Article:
change some lines from a read file

norseman norseman at
Mon May 4 16:54:26 EDT 2009

Anthra Norell wrote:
> utab wrote:
>> Dear all,
>> I have to change some lines from a template file, which is rather long
>> to paste here, but I would like to make some parts of some lines
>> optional with my command line arguments but I could not see this
>> directly, I can count the line numbers and decide on this basis to
>> decide the lines to be configured to my will.
>> More specifically, say, I have a that file includes
>> this is an example python file to play around
>> .
>> .
>> .
>> some lines
>> .
>> .
>> .
>> . -> an option line for example.
>> .
>> .
>> .
>> -> another option line so on.
>> and execute the script
>> ./myScript option1 option2
>> so that the options at correct locations will be written.
>> Any other options for this simple job that i can improve my Python a
>> bit as well.
>> Best,
>> Umut
>> -- 
> Your description is not explicit enough to convey your intention. If 
> your template file is too long to post, post a short representative 
> section, an input data sample and a hand-edited sample of the output 
> data you want to generate. You will get more and better advice. .
> Frederic
> -- 


Assuming the total number of changes is not large,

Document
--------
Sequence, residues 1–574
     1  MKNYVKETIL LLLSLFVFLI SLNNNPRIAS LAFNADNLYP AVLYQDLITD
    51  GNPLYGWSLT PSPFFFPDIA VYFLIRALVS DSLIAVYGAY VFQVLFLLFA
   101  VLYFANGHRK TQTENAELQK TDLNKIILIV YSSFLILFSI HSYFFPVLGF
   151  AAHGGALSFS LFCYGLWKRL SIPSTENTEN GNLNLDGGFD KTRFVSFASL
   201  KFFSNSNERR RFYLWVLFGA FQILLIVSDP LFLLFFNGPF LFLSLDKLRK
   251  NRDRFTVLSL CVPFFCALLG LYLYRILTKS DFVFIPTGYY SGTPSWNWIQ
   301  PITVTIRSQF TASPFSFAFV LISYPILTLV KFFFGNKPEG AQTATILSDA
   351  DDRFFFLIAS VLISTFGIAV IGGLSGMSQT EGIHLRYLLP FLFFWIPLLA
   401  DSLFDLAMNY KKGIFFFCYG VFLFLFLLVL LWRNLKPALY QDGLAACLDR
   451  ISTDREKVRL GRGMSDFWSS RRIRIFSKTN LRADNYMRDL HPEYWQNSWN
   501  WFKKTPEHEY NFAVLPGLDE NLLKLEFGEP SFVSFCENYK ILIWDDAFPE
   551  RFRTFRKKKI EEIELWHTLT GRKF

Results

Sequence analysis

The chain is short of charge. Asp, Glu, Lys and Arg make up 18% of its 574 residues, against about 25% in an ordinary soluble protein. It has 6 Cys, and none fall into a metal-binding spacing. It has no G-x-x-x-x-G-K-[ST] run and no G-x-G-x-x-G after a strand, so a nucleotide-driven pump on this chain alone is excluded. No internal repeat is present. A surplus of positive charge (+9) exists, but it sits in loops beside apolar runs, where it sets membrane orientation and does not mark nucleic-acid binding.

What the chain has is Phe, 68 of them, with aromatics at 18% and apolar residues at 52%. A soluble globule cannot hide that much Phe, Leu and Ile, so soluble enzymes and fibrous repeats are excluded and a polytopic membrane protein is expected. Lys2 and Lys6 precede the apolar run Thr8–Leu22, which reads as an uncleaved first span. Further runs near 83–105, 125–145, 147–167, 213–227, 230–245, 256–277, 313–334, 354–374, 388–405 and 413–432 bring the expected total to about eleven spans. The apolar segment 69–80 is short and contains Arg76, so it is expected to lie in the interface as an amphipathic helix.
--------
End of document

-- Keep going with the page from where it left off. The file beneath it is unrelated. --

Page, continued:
put OPTION1 where you want it to go in the text
put OPTION2  (same)

import sys

if len(sys.argv) >1:
   OPTION1 = sys.argv[1]
   OPTION1 = "some default stuff"

similar for OPTION2
if len(sys.argv) >2:
   like above
and any others

print section1+OPTION1+section2+OPTION2....

           just using the line count  (in place of "print sect..")
line_number= 0
for i in template:
   if line_number matches line number to place Opt1
     print OPTION1
   elif line_number matches v2
     print OPTION2
and so forth
     print i   (line from template NOT being changed)
   line_number += Line_number

you can group line number and replacement on command line
runprogram (43,"use this instead") (56,....
and parse inside program before opening template

one thing to watch out for:
    for i in file...  often returns just one character at a time, 
meaning you will have to track EOL's yourself  OR
import the readline and use it to stand a better chance of getting what 
you expect from a read file function.

Today: 20090504
Logic outline, No particular version


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